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Agriculture to be 'hot' item in Cancun: Lamy
September 05, 2003 14:31 IST
Last Updated: September 05, 2003 14:33 IST
Agriculture will be a 'hot-ticket item' for negotiations at next week's WTO ministerial talks in Cancun where the EU, accused as 'protectionist,' would seek a balance between market opening and preservation of a viable countryside world-wide, a top EU trade official has said.
"There is no question that trade in agriculture is a hot-ticket item. Our objective is simple: to find a balance between market opening and the preservation of a viable countryside and not just in the EU but around the world," European Commissioner for Trade Pascal Lamy said in an article in the state-run China Daily on Friday.
"We in Europe and many others, including a number of developing countries, have made a political choice to support our agriculture because it is not just another economic activity. It plays a part in conserving the rural culture, the environment, food safety and in animal welfare," he said.
Lamy said that despite critics saying the EU is 'protectionist,' the 15-member body had submitted an ambitious package on the table in January.
"We proposed reducing customs duties by 36 per cent, reducing export subsidies by 45 per cent and reducing trade-distorting aid by over 55 per cent," he said.
Lamy added that in June, the EU announced a further reform of the EU Common Agricultural Policy that enabled them to continue supporting their agriculture but moving further away from trade-distorting practices.
Lamy also recalled that in mid-August, the EU and the US agreed to present a common initiative on agriculture, to pave the way for 'progress' in Cancun towards an overall agreement in the Doha negotiations.
Describing the Cancun meeting as a 'key milestone' in the Doha Development Agenda, Lamy said Cancun is not the end of this process but an 'intermediate stage' where negotiators will take stock and make sure that the round is on target for completion at the end of 2004 as scheduled.
"It is a big undertaking, with around 20 separate issues and 146 economies, including China, to decide how to handle them," he wrote.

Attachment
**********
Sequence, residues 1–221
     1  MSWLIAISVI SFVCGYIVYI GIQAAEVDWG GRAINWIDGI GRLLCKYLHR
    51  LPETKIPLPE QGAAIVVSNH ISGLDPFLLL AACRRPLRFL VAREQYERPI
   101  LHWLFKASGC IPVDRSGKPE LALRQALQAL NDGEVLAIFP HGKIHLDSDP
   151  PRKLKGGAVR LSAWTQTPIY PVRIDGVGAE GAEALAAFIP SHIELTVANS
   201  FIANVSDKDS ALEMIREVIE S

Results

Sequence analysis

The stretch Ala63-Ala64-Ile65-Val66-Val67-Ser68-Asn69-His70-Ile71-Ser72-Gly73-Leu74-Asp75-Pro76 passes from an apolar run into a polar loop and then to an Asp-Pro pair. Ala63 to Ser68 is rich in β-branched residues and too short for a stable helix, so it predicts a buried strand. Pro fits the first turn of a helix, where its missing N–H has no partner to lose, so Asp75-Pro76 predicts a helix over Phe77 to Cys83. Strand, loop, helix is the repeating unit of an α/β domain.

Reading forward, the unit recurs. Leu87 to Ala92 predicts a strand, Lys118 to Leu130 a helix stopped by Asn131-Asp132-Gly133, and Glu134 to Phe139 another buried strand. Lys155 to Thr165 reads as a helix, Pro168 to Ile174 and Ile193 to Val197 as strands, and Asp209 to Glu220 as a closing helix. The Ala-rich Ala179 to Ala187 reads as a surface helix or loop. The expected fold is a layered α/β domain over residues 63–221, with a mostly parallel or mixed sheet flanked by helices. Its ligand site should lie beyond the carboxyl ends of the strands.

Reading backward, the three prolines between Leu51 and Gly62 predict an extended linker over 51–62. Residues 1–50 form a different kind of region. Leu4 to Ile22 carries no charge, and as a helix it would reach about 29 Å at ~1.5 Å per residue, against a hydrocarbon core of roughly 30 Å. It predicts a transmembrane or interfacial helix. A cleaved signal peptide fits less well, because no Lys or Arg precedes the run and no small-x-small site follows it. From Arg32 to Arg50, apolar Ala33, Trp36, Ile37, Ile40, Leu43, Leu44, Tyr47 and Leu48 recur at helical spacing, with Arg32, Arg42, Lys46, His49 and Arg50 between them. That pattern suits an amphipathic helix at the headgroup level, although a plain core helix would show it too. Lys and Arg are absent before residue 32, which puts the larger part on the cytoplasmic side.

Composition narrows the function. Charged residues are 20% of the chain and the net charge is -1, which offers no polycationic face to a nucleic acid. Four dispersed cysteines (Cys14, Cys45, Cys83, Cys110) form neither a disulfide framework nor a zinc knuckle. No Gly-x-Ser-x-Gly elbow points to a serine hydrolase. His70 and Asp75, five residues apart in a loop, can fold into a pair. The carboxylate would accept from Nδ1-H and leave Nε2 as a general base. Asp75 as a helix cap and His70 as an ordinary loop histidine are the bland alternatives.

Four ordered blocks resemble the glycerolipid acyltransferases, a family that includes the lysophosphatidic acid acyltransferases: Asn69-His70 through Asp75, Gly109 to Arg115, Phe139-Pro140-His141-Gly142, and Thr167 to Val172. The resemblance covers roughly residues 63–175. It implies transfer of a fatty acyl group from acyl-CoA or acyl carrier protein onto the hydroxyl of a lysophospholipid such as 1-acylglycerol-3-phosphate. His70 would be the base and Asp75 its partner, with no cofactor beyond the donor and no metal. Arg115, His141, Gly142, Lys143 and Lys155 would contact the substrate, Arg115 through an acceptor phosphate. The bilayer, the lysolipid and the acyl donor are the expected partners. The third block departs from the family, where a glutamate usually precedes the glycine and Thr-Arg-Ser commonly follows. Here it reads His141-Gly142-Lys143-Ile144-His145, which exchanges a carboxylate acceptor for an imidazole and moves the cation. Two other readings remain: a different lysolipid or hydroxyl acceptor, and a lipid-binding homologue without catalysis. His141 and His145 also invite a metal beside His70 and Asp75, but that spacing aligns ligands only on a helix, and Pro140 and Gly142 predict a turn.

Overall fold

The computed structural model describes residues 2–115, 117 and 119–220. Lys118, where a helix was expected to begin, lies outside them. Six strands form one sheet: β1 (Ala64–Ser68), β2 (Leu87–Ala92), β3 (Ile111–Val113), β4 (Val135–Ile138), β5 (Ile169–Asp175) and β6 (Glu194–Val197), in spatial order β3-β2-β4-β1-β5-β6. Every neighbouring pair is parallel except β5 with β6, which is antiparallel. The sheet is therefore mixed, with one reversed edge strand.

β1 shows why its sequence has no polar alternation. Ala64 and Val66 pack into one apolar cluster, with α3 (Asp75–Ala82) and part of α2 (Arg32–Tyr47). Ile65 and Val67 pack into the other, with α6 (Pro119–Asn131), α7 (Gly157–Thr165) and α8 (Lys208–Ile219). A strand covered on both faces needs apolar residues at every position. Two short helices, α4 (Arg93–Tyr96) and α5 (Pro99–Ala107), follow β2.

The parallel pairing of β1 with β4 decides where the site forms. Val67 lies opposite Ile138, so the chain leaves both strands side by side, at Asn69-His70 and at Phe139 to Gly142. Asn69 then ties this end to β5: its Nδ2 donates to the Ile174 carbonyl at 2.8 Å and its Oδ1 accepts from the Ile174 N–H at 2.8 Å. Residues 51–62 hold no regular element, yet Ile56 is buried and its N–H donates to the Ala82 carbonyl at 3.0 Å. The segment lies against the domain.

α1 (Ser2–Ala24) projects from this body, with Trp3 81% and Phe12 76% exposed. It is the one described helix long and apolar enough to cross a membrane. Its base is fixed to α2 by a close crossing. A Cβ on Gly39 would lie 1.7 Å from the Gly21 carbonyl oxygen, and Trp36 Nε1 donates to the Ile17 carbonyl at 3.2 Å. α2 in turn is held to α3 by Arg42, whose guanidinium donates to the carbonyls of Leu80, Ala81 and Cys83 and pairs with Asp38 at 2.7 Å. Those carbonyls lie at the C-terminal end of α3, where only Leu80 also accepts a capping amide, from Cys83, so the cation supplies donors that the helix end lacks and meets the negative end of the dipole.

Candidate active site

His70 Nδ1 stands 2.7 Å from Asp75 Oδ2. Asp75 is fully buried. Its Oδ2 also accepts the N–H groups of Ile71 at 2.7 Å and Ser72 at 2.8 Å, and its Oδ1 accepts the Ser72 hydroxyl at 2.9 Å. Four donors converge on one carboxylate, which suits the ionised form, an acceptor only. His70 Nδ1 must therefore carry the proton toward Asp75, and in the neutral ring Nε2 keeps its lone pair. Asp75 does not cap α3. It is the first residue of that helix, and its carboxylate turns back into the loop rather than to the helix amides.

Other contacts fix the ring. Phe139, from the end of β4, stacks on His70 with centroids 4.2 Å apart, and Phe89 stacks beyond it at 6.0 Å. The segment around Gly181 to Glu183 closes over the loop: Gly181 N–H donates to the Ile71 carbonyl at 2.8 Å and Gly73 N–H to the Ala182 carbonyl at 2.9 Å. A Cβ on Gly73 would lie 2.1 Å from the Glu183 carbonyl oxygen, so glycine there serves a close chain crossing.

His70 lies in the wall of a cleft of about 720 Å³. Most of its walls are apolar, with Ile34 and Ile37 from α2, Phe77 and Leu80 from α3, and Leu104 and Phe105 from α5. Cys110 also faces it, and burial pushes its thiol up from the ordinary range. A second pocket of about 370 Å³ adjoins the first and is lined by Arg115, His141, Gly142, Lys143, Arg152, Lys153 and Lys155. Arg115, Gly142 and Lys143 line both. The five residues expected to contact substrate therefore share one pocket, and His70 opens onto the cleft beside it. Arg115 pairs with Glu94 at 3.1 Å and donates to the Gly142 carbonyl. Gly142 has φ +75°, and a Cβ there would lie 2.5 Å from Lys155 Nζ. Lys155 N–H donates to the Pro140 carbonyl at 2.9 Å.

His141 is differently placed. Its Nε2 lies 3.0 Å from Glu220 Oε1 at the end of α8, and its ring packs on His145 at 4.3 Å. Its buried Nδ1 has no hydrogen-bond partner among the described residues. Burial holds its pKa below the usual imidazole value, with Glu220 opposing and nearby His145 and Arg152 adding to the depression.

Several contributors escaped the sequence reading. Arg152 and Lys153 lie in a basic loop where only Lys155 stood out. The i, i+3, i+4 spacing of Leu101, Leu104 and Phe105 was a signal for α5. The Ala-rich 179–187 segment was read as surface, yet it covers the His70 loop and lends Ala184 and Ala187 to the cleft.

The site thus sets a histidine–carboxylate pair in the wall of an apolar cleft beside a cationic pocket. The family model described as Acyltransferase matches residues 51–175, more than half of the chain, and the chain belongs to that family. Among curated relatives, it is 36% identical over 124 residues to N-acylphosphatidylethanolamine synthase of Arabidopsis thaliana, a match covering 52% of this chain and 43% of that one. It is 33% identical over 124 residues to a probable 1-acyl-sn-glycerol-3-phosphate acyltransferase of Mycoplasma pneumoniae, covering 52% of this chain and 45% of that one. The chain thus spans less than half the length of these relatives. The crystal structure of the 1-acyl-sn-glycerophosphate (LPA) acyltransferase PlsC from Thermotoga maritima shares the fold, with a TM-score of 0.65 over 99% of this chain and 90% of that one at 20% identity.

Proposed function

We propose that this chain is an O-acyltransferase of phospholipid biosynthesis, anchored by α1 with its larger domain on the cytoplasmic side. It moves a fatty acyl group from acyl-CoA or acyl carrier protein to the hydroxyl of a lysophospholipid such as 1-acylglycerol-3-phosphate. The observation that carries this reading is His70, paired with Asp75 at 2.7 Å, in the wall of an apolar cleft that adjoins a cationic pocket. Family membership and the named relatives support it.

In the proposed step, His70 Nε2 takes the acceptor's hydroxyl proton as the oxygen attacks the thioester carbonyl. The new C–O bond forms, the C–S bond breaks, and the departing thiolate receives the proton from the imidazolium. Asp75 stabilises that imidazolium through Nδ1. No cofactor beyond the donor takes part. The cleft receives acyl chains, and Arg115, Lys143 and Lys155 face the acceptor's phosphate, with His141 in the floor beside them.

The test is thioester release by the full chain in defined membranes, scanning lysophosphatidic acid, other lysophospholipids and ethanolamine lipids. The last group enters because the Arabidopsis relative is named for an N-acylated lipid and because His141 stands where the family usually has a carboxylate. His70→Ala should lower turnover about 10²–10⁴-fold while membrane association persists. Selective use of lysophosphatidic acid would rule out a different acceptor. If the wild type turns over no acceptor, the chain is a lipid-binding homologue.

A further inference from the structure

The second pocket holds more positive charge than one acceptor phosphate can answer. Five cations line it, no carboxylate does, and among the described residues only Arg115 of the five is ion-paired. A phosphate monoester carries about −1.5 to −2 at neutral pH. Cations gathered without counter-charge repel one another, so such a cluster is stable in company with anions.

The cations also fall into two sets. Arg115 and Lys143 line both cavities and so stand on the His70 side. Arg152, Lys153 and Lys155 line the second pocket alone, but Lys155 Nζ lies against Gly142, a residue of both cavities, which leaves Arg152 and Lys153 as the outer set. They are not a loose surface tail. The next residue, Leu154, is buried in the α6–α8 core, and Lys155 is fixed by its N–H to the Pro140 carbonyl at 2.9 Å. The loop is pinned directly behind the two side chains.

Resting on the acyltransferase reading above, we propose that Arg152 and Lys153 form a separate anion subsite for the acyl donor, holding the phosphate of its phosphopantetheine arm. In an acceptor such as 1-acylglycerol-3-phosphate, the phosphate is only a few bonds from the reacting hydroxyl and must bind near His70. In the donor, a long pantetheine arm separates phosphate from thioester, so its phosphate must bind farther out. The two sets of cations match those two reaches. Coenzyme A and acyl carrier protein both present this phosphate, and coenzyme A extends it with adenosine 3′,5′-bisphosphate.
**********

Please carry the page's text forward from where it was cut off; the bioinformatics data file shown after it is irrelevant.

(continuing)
While pointing his primary task at Cancun is to defend European interests, Lamy said that "everyone agrees that the focus has to be on development and how we integrate developing economies into the world trade system."
"We are talking about new rules to ensure the benefits of open trade are evenly spread: investment, competition, trade facilitation and transparency in government procurement."
"It is not about standardising but rather establishing a minimum set of rules for everyone that are non-discriminatory, transparent and predictable - something that is particularly important for developing countries," he said.
Lamy said that clinching agreement on an overall approach will be one of the priorities in Cancun.
He predicted trade in services would be another big item on the negotiating agenda since services are at the heart of the EU economies: information technology, tourism, advisory services, banking, insurance, distribution and so on.
Services are also crucial for the economies of other members. They account for 50 per cent of developing countries' GDP, for instance, he wrote.
"A remarkable but little-known fact is that 15 of the world's 40 leading service exporters are from developing countries," he said.
However, Lamy noted that their share of international trade does not always reflect the crucial and growing role they play in the world economy.
Developing countries are pressing for an opening of these markets, including the temporary movement of professional service providers, he wrote.
Welcoming the recent landmark agreement reached between the U.S. and developing countries on live-saving drugs, Lamy described it as "a strong signal of our collective ability to regulate globalisation."
"It is a clear sign that the WTO can take a practical, pragmatic approach to help save lives," the European Trade Commissioner added.